Most of the parallel approaches perform more arithmetic operations than standard (sequential) Gaussian elimination (typically times as many), twisted factorization being the only exception. In twisted factorization the Gaussian elimination process is carried out in parallel from both sides. This method was first proposed in  for tridiagonal systems Tx=b as a means to compute a specified component of x more accurately. For a tridiagonal matrix twisted factorization leads to the following decomposition of T:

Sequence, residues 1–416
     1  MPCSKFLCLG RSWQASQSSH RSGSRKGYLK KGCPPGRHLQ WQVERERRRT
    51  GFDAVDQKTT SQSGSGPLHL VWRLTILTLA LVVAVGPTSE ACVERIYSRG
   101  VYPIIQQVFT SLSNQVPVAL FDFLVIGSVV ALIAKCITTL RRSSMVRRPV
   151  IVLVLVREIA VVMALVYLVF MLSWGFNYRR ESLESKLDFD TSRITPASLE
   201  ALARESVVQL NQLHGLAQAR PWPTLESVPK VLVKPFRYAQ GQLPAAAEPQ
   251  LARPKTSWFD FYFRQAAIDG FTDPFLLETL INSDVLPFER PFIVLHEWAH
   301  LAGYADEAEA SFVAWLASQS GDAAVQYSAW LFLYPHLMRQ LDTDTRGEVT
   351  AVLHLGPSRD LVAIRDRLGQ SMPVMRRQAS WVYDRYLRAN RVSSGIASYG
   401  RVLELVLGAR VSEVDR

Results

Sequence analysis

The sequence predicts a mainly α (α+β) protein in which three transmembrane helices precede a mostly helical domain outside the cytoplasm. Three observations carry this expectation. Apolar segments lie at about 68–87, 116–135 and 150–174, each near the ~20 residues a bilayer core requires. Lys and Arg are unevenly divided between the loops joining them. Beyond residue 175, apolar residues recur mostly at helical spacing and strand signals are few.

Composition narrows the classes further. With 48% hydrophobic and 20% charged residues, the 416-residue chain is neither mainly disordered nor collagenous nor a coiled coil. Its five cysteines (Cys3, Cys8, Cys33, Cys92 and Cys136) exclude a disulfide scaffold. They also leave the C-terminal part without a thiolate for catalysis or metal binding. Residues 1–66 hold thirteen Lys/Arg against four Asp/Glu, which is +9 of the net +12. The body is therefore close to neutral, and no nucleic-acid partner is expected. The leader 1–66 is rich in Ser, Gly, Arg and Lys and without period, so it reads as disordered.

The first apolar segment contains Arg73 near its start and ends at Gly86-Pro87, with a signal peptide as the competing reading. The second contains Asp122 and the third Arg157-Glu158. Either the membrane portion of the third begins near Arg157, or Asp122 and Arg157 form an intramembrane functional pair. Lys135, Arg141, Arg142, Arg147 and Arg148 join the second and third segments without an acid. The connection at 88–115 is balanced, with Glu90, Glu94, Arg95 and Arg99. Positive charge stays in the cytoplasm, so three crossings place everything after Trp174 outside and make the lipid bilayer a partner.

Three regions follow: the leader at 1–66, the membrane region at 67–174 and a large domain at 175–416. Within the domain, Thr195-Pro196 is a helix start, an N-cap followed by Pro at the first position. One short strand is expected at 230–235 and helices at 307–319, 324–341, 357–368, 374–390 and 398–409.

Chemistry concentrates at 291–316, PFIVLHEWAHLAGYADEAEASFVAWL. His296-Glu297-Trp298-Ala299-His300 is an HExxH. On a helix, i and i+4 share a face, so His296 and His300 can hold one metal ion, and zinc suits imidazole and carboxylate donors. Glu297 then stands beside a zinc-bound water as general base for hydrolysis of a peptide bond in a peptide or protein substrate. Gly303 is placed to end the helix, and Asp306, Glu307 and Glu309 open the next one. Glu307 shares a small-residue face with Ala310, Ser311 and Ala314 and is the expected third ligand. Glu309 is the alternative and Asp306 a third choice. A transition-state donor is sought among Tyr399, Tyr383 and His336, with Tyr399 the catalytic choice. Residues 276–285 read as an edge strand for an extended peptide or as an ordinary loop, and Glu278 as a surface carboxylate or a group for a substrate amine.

or T=PQ, where we have assumed that no zero diagonal element is created in P or Q. Such decompositions exist if A is symmetric positive definite, or if A is an M-matrix, or when A is diagonally dominant. The twisted factorization and subsequent forward and back substitutions with P and Q take as many arithmetic operations as the standard factorization, and can be carried out with twofold parallelism by working from both ends of the matrix simultaneously. For an analysis of this process for tridiagonal systems, see . Twisted factorization can be combined with any of the following techniques, often doubling the parallelism.